April 2010

Functional Résumé Writing Tips for Life Scientists

When listing your educational background, I recommend presenting your lowest degree first and ending with your most advanced degree or educational experience. The name and location of the institution that awarded the degree and your major or area of expertise also should be listed. It is reasonable to list the names of your graduate or postdoctoral advisers if you think it will help your candidacy.

You also may want to include your thesis title if you wrote a master’s or doctoral thesis. It is not necessary to list the dates your degrees were awarded— by listing dates, an employer may be able to deduce your age. While this may not be a bad thing for entry-level employees, it may hinder more experienced job seekers from securing new positions.

Membership in professional societies, organizations or clubs should be listed in a section that is separate from your educational background. Invited lectures or presentations also may be listed under a separate heading. It is important to list extracurricular activities or specialized skill sets you think may be relevant.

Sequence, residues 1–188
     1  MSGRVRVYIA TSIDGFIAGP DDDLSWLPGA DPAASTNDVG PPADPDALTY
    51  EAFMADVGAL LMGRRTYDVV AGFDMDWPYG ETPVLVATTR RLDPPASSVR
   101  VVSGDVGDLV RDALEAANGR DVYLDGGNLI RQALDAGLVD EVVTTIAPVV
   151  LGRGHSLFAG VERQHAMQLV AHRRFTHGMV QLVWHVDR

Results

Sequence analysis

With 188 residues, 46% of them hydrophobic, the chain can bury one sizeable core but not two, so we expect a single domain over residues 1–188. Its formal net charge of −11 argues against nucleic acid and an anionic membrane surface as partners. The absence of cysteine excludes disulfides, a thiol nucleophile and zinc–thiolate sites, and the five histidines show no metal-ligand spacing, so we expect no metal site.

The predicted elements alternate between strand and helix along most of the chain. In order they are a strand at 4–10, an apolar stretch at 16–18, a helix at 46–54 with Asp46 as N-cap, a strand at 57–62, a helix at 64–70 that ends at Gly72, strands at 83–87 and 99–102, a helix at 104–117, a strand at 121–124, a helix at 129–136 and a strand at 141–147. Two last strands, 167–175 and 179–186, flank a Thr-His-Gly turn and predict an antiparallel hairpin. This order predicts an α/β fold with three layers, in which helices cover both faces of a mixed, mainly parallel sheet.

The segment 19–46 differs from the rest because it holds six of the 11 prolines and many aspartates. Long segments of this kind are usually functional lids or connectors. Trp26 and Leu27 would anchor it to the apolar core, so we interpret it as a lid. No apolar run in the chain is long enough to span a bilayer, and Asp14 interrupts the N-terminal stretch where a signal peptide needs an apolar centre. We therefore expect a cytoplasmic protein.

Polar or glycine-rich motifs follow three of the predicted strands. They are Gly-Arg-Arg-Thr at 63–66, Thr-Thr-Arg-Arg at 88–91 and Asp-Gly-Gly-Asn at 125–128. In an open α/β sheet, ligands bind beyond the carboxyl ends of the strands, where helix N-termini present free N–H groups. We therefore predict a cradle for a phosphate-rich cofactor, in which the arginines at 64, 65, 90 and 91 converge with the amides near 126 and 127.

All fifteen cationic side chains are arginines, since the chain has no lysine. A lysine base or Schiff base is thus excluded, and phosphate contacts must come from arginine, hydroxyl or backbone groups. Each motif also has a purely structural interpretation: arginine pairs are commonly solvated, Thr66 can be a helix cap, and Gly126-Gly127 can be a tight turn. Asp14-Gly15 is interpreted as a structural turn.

All of your publications should be listed on the last page of your CV in a section titled “publications.” This section should be divided into subsections and appear in the following order: 1) peer-reviewed publications; 2) chapters, books and reviews and 3) oral and poster presentations. However, if you are a mid-career professional, I strongly recommend that you list only peer-reviewed publications, review articles, books and book chapters and eschew the oral and poster presentations sections. Manuscripts that are in press should be listed. That being said, I don’t think it is appropriate to include submitted manuscripts— this signals you may not think your publication list is long enough to warrant consideration.

Never send your references to prospective employers unless they ask for them. Simply indicate somewhere on your résumé/CV that references are available upon request. However, for most academic jobs, it is customary for search committees to request references at the beginning of the application process. For industrial jobs, references generally are not requested unless an employer is interested in a candidate.

Finally, it is important to understand that a well thought-out and carefully crafted résumé/CV is a necessary first step in the job hunt. Poorly organized CVs that contain spelling and grammatical errors are certain to eliminate you as a candidate. With this in mind, before you send out your résumé or CV, make sure that it has been spell-checked and reviewed by a friend or colleague. In today’s economy and highly competitive life sciences job market, small mistakes may lead to or perpetuate unemployment! 

Clifford S. Mintz (cliff@biocrowd.com) is a freelance writer, blogger and speaker at career fairs and professional meetings.

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